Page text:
|The first excerpt represents the element of Air. It speaks of mental influences and the process of thought, and is drawn from Bunner Sisters by Edith Wharton:
and between them, on the table, the clock kept up its sociable
"Where'd you get it, Ann Eliza?" asked Evelina, fascinated.
"Where'd you s'pose? Why, right round here, over acrost the
Square, in the queerest little store you ever laid eyes on. I saw
it in the window as I was passing, and I stepped right in and asked
how much it was, and the store-keeper he was real pleasant about
it. He was just the nicest man. I guess he's a German. I told
him I couldn't give much, and he said, well, he knew what hard
times was too. His name's Ramy--Herman Ramy: I saw it
written up over the store. And he told me he used to work at
|The second excerpt represents the element of Fire. It speaks of emotional influences and base passions, and is drawn from Eve and David by Honore de Balzac:
Lucien; "only, my dear fellow, if I can do something with your
authorities here, I have no decent clothes."--Petit-Claud made as
though he would offer his purse.
"Thank you," said Lucien, grasping Petit-Claud's hand. "In ten days'
time I will pay a visit to the Countess and return your call."
The shook hands like old comrades, and separated.
"He ought to be a poet" said Petit-Claud to himself; "he is quite
"There are no friends like one's school friends; it is a true saying,"
Lucien thought at he went to find his sister.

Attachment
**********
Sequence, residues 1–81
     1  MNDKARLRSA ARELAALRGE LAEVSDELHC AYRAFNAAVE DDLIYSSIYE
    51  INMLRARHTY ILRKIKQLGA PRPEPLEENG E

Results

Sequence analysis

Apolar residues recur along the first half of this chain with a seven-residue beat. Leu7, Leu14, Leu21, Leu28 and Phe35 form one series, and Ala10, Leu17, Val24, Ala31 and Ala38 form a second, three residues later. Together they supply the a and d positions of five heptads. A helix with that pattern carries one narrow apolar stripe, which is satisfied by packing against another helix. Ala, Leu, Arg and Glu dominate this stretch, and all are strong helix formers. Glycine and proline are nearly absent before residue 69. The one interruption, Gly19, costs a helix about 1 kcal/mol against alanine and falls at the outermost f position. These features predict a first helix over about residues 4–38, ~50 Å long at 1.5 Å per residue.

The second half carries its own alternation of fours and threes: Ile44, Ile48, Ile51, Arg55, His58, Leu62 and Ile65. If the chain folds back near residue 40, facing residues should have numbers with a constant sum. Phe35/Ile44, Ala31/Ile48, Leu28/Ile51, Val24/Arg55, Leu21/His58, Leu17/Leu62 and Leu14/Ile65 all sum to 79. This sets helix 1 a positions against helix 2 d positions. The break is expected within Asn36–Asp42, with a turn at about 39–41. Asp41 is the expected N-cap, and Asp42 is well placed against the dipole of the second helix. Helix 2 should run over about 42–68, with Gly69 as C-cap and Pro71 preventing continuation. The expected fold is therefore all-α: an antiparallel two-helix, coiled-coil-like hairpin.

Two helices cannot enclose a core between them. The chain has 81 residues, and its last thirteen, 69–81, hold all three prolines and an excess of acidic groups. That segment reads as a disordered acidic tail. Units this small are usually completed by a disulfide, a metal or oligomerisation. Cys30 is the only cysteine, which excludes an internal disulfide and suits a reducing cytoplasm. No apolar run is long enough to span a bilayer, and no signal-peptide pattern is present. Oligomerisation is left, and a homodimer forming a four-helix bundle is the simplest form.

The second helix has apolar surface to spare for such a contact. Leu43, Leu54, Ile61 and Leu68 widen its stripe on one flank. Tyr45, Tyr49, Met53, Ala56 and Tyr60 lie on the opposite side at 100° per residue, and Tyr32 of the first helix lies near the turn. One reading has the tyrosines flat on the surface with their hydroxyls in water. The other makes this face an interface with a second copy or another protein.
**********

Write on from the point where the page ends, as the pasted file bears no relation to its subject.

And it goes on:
"What can Petit-Claud have promised to do that you should be so
|The third excerpt represents the element of Water. It speaks of pure spiritual influences and feelings of love, and is drawn from Gobseck by Honore de Balzac:
Count, a great landowner. Now, how came that Countess to put her name
to a bill of exchange, legally not worth the paper it was written
upon, but practically very good business; for these women, poor
things, are afraid of the scandal that a protested bill makes in a
family, and would give themselves away in payment sooner than fail? I
wanted to find out what that bill of exchange really represented. Was
it stupidity, imprudence, love or charity?
" 'The second bill, bearing the signature "Fanny Malvaut," came to me
from a linen-draper on the highway to bankruptcy. Now, no creature who
has any credit with a bank comes to ME. The first step to my door
means that a man is desperately hard up; that the news of his failure
|The fourth excerpt represents the element of Earth. It speaks of physical influences and the impact of the unseen on the visible world, and is drawn from Treasure Island by Robert Louis Stevenson: